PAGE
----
One study reported that only a small amount of GSH was oxidized to GSSG in a concentration-dependent manner when HUVECs were exposed to hypochlorous acid (HOCl) while the remaining GSH was converted to another product glutathione sulfonamide. This discrepancy may be due to the different oxidant used in this study (Pullar et al., 2001).

Known modulating factors

This table captures specific information on the MF, its properties, how it affects the KER and respective references.1.) What is the modulating factor? Name the factor for which solid evidence exists that it influences this KER. Examples: age, sex, genotype, diet 2.) Details of this modulating factor. Specify which features of this MF are relevant for this KER. Examples: a specific age range or a specific biological age (defined by...); a specific gene mutation or variant, a specific nutrient (deficit or surplus); a sex-specific homone; a certain threshold value (e.g. serum levels of a chemical above...) 3.) Description of how this modulating factor affects this KER. Describe the provable modification of the KER (also quantitatively, if known). Examples: increase or decrease of the magnitude of effect (by a factor of...); change of the time-course of the effect (onset delay by...); alteration of the probability of the effect; increase or decrease of the sensitivity of the downstream effect (by a factor of...) 4.) Provision of supporting scientific evidence for an effect of this MF on this KER. Give a list of references.  More help
Response-response Relationship
Provides sources of data that define the response-response relationships between the KEs.  More help
Information regarding the approximate time-scale of the changes in KEdownstream relative to changes in KEupstream (i.e., do effects on KEdownstream lag those on KEupstream by seconds, minutes, hours, or days?). More help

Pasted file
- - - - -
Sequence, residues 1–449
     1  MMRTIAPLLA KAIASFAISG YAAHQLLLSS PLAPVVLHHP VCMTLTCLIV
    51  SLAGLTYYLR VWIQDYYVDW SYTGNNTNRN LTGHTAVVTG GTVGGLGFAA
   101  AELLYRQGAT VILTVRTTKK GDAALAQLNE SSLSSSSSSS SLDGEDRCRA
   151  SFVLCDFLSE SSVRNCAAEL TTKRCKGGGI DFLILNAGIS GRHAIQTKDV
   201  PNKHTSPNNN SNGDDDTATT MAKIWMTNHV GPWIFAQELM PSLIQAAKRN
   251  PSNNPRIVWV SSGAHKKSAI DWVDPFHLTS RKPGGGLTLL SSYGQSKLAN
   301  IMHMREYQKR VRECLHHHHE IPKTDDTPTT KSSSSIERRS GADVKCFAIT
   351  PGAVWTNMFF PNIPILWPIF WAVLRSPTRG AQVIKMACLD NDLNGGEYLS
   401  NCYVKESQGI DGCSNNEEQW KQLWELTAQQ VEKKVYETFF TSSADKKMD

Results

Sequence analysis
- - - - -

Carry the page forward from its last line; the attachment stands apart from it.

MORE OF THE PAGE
Known Feedforward/Feedback loops influencing this KER
Define whether there are known positive or negative feedback mechanisms involved and what is understood about their time-course and homeostatic limits. More help

Domain of Applicability

A free-text section of the KER description that the developers can use to explain their rationale for the taxonomic, life stage, or sex applicability structured terms. More help

There are many studies showing oxidation of GSH following oxidant exposure in human endothelial cells, particularly umbilical and aortic endothelial cells (Dhar et al., 2010; Du et al., 2013; Montecinos et al., 2007; Park, 2013; Schuppe et al., 1992; van Gorp et al., 1999, 2002), while two studies in rat and bovine aortic endothelial cells support this relationship (Dhar et al., 2010; De Pascali et al., 2014).


List of the literature that was cited for this KER description. More help

De Pascali, F., Hemann, C., Samons, K., Chen, C.-A., and Zweier, J.L. (2014). Hypoxia and reoxygenation induce endothelial nitric oxide synthase uncoupling in endothelial cells through tetrahydrobiopterin depletion and S-glutathionylation. Biochemistry (Mosc.) 53, 3679–3688.

Dhar, A., Dhar, I., Desai, K.M., and Wu, L. (2010). Methylglyoxal scavengers attenuate endothelial dysfunction induced by methylglyoxal and high concentrations of glucose. Br. J. Pharmacol. 161, 1843–1856.

Du, Y., Navab, M., Shen, M., Hill, J., Pakbin, P., Sioutas, C., Hsiai, T.K., and Li, R. (2013). Ambient ultrafine particles reduce endothelial nitric oxide production via S-glutathionylation of eNOS. Biochem. Biophys. Res. Commun. 436, 462–466.

Kalinina, E.V., Chernov, N.N., and Novichkova, M.D. (2014). Role of glutathione, glutathione transferase, and glutaredoxin in regulation of redox-dependent processes. Biochem. Biokhimii︠a︡ 79, 1562–1583.

Montecinos, V., Guzmán, P., Barra, V., Villagrán, M., Muñoz-Montesino, C., Sotomayor, K., Escobar, E., Godoy, A., Mardones, L., Sotomayor, P., et al. (2007). Vitamin C is an essential antioxidant that enhances survival of oxidatively stressed human vascular endothelial cells in the presence of a vast molar excess of glutathione. J. Biol. Chem. 282, 15506–15515.

Park, W.H. (2013). The effects of exogenous H2O2 on cell death, reactive oxygen species and glutathione levels in calf pulmonary artery and human umbilical vein endothelial cells. Int. J. Mol. Med. 31, 471–476.

Pullar, J.M., Vissers, M.C., and Winterbourn, C.C. (2001). Glutathione oxidation by hypochlorous acid in endothelial cells produces glutathione sulfonamide as a major product but not glutathione disulfide. J. Biol. Chem. 276, 22120–22125.

Schuppe, I., Moldéus, P., and Cotgreave, I.A. (1992). Protein-specific S-thiolation in human endothelial cells during oxidative stress. Biochem. Pharmacol. 44, 1757–1764.

van Gorp, R.M.A., Heeneman, S., Broers, J.L.V., Bronnenberg, N.M.H.J., van Dam-Mieras, M.C.E., and Heemskerk, J.W.M. (2002). Glutathione oxidation in calcium- and p38 MAPK-dependent membrane blebbing of endothelial cells. Biochim. Biophys. Acta 1591, 129–138.

van Gorp, R.M., Broers, J.L., Reutelingsperger, C.P., Bronnenberg, N.M., Hornstra, G., van Dam-Mieras, M.C., and Heemskerk, J.W. (1999). Peroxide-induced membrane blebbing in endothelial cells associated with glutathione oxidation but not apoptosis. Am. J. Physiol. 277, C20–C28.